This book. Just, wow. I rarely have trouble finding words, but I’m at a loss right now so I apologize in advance for what is sure to be a rambling review.
My head hurts. My heart hurts. All because of this book. No, that’s not accurate. All because of Hazel and Augustus, the main characters in this book. Sixteen and 17 years old, respectively, they meet at a cancer kids’ support group, both of them with terminal cancer. Clearly more advanced mentally than their peers, they form an immediate, deep, beautiful, real, lasting, and true connection that develops into love. Real love, “not puppy love” as Gus’s mom admits.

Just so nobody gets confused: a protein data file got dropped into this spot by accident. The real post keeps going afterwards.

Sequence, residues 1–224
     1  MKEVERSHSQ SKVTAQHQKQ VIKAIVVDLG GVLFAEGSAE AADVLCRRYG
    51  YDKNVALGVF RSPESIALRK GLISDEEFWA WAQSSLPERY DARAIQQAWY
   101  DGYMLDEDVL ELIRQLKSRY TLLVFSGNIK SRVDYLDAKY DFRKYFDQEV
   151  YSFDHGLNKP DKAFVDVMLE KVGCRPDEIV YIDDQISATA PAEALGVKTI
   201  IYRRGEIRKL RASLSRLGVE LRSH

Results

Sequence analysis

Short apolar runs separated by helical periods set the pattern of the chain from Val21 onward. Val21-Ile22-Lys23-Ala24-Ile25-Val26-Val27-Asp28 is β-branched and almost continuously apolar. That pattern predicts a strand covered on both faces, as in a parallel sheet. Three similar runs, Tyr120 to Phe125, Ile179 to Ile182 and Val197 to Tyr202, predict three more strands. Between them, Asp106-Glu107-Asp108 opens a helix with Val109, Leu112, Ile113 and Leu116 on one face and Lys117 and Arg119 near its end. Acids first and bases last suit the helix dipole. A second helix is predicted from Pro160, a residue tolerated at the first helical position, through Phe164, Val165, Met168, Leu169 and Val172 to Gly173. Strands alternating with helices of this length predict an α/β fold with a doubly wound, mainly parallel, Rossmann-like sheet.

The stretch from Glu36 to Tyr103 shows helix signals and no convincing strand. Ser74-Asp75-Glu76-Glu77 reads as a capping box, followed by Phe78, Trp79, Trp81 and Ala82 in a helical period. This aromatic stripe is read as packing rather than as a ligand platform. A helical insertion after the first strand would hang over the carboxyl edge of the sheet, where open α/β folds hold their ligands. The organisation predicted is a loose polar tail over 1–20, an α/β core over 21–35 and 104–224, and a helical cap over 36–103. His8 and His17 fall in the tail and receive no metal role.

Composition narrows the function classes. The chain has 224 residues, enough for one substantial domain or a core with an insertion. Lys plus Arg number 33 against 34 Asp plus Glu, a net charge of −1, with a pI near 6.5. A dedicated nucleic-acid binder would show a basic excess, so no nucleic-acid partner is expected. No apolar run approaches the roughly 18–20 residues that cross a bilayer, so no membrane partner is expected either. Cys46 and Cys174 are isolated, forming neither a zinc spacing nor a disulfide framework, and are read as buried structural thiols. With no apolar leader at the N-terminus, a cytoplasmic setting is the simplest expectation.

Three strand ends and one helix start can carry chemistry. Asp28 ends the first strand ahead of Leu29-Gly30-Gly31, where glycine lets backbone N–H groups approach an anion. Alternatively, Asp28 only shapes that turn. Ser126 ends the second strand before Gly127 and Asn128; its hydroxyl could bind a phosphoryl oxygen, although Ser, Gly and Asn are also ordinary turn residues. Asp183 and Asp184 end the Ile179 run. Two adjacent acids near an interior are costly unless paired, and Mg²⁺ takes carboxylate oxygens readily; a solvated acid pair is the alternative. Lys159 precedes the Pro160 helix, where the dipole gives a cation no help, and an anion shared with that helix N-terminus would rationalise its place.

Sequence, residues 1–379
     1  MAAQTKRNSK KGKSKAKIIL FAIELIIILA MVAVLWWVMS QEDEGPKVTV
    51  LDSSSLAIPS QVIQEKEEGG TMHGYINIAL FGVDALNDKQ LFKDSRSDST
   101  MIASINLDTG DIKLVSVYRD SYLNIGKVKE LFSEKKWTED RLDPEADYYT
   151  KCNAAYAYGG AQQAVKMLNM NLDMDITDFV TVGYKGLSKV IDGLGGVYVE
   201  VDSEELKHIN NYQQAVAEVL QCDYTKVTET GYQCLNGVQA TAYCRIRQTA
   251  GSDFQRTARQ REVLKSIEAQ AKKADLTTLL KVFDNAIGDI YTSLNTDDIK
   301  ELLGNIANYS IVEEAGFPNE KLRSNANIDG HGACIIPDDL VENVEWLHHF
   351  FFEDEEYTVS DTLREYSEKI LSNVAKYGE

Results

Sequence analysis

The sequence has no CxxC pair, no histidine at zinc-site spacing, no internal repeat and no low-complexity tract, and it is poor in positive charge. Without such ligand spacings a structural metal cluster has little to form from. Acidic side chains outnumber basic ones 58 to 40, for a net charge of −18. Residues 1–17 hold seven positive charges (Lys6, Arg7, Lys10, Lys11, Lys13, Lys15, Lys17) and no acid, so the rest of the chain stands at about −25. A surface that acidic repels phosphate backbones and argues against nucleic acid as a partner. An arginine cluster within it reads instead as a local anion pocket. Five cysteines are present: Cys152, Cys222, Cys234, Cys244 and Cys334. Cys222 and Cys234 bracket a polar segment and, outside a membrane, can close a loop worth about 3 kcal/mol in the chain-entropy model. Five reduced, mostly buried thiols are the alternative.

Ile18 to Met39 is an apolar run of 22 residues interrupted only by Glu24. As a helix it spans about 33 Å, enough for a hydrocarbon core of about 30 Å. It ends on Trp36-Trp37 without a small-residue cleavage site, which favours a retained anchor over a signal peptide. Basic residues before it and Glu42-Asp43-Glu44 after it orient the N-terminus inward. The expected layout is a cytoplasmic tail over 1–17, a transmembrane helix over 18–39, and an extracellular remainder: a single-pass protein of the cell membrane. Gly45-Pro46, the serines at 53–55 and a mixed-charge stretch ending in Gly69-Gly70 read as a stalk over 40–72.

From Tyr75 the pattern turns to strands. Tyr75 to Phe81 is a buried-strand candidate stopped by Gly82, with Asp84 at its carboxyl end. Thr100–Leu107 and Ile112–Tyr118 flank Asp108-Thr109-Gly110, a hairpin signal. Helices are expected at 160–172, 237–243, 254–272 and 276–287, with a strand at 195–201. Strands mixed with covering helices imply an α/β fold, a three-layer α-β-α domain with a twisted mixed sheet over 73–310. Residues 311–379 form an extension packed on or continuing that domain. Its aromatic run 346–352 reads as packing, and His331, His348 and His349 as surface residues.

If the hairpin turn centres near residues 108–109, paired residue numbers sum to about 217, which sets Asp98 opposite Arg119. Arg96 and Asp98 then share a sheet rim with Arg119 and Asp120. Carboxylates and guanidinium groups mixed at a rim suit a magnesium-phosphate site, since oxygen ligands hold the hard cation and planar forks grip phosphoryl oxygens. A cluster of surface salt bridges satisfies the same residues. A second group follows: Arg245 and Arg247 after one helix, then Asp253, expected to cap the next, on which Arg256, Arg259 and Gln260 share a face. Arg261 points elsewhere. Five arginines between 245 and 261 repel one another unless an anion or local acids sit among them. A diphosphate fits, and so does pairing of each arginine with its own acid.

I think I can safely speak for Hazel when I say that when two young adults talk and feel and emote like wise (if a bit jaded) adults, it is a side effect of cancer. These kids (who refuse to call themselves cancer victims) mock their own disabilities in a way that someone without a disability can appreciate, but not truly understand. They talk in abstracts in one minute, and then about their eventual and impending deaths the next. (Example, Hazel’s mom says “If you die….” and Hazel quickly corrects her, simply stating “When.”) To say that this book is a roller coaster of emotions is an understatement.
I read all 313 pages in less than 24 hours. Yes, its a YA book, but there are no vampires or zombies or werewolves. There is a love story, a death story, an alcoholic; there are realized dreams and crushed dreams; there is an ending. The ending was….perfect.
Bottom line: You, whomever you are, need to read this book.